Moravec, known for his ability to see the potential in a historical renovation of a building, said that whoever might be interested in the Crump needs to find a viable, long-term use for the structure or it will revert back to the mothballed state it is currently in.
Financial viability in the use for the building is key, Moravec said.
As soon as a building is renovated, the tax base immediately increases and it’s a double-edged sword — renovation costs plus taxes on the increased value, he said.
“It needs a practical, viable economic plan,” Moravec said of the Crump.
In addition to that, the Crump, a large building, has a host of code violations that will be expensive to renovate, he said.
“Smaller, less complicated projects don’t have that and it’s easier to find a purpose for the building,” Moravec said. “The size of the building means it will take more resources.”
The cost of building mechanicals — of heating and plumbing, roofing and meeting fire codes — has to be considered, he said.
“And the third thing is parking,” he said of the Crump’s location, which does not have dedicated parking. “That complicates things for anything downtown.”
Saying he was lucky that the Upland Columbus Pump House had parking potential with its lot, the Crump doesn’t have that at this point, he said.
“One hundred years ago, the downtown wasn’t quite as busy as downtown today,” he said.
Describing the Crump as an “old, out-of-place building” in its current state, Moravec said the building needs someone to take it on as a pet project and some sort of organization to take ownership for operations and maintenance.
Mayor Jim Lienhoop, who was a councilman when the Crump renovation project was dropped, said he continues to have people approach the city about having the Crump renovated into a viable entertainment space.“And I really do appreciate that they want that to happen,” he said.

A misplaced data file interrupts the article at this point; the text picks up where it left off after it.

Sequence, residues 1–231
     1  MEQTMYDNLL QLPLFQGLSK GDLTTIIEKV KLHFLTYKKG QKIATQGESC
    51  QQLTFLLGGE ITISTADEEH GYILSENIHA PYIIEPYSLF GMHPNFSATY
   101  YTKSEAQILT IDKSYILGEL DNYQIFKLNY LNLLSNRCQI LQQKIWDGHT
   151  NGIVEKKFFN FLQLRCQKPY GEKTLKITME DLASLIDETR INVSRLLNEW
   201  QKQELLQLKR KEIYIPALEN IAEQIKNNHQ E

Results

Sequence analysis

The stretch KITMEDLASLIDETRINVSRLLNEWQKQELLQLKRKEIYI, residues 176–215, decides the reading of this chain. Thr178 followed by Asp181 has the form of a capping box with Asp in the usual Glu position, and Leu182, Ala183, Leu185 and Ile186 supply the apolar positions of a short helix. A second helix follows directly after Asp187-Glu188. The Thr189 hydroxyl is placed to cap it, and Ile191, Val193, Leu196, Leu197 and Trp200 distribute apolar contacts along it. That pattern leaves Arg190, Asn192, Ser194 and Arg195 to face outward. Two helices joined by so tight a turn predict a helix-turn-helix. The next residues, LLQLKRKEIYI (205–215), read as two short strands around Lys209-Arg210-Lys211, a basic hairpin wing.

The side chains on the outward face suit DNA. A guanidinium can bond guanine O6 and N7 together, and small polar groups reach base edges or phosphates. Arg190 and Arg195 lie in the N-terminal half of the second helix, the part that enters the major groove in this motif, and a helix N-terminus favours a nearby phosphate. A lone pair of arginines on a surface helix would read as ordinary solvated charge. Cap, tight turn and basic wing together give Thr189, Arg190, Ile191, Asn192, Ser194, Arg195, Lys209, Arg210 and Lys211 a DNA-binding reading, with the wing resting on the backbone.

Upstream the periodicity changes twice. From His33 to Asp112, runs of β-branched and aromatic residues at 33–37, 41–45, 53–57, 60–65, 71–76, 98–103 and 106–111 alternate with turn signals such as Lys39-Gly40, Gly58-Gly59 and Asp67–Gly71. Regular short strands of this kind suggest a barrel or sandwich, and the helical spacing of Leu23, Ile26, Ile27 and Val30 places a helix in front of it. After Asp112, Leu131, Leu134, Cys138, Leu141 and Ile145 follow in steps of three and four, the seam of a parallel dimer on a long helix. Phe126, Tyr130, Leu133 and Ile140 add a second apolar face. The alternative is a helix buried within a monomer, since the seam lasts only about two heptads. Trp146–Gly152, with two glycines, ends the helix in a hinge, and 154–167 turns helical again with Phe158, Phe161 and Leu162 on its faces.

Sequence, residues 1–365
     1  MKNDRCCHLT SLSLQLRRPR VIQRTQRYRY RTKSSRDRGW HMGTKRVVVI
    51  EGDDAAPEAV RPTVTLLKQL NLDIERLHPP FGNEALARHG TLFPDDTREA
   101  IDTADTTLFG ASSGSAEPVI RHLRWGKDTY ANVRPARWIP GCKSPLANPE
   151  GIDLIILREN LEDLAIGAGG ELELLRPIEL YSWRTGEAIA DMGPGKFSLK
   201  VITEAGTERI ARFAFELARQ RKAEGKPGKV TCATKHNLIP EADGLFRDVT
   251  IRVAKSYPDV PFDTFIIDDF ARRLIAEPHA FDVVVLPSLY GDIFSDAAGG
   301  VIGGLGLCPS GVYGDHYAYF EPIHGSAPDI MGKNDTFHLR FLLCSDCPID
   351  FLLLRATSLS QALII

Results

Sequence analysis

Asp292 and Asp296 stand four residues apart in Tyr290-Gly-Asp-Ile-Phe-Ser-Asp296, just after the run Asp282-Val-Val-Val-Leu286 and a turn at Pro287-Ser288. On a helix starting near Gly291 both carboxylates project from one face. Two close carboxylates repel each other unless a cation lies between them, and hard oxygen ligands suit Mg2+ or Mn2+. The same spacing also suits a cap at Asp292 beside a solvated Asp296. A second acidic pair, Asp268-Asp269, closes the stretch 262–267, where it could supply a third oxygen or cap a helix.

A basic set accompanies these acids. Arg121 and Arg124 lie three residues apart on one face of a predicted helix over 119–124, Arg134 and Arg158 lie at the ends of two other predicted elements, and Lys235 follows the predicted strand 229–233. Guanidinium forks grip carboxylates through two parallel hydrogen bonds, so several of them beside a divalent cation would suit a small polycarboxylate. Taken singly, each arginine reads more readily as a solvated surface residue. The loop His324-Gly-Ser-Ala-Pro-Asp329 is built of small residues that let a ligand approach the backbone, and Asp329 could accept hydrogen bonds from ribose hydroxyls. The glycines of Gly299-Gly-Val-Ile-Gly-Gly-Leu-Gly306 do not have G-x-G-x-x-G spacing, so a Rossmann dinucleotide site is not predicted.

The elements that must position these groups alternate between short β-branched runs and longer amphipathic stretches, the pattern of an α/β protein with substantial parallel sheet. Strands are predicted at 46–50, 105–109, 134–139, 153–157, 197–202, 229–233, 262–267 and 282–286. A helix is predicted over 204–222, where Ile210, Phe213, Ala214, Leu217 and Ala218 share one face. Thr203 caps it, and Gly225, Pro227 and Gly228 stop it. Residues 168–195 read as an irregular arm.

But there are two funding issues that must be addressed before any city involvement can occur, Lienhoop said.
The first is who will raise the money to renovate the building, as it is in a fair state of disrepair, he said.
“And secondly, and almost as important, what do you do after you renovate?,” Lienhoop asked. “Who will take responsibility for running the facility?”
Lienhoop said nearby communities North Vernon and Nashville each have their own playhouse operations. But it is his understanding that each requires separate fundraising to sustain operations beyond ticket sales for entertainment.
“We have to find some organizer who will be the Crump’s champion,” he said. “That’s where we are. No one’s stepped up yet.”
For the Crump to be successful and recoup the millions that are being requested, it would have to be rented out and used six to seven days a week, city officials said two years ago. And even then, the facility might need ongoing fundraising to pay for operations.
In 2014, the city paid Danielle McClelland, executive director of the Buskirk-Chumley Theatre in Bloomington, to develop a strategic operating plan for an arts facility at the Crump. In the plan, McClelland recommended the city own the Crump and contract with a nonprofit group to manage it. The plan called for $1.3 million in city support during two years of startup and five years of startup operations.
Lienhoop said he’s reluctant to raise a bunch of money to pursue renovations without knowing how the facility would, or could, be sustained into the future.
“I would be willing to get involved if I could see the operational plan and I felt like it had an opportunity for success,” he said. “But even fully-booked, a facility like that will still need funding for ongoing operations.”
Property location: 425 Third St., since 1889.
Owner: Columbus Capital Foundation purchased the Crump Theatre in 1994 on behalf of Historic Columbus Development. The nonprofit foundation was established to support The Heritage Fund — The Community Foundation of Bartholomew County, the city of Columbus and Bartholomew County by preserving and maintaining land and buildings that have historic or architectural significance.
Current status: Closed since early 2014 for fire and safety hazards and listed for sale by the foundation.
January 2013: Columbus’ Arts District Coalition began looking at programming and funding options if the theater were to be renovated. Jayne Farber was hired by the city as a project consultant for the Columbus Arts District.
Jan. 25, 2013: Meeting with Mayor Kristen Brown to discuss direction for the Crump project, Request for Proposals parameters, recommendations for the steering committee and price tag for a feasibility study.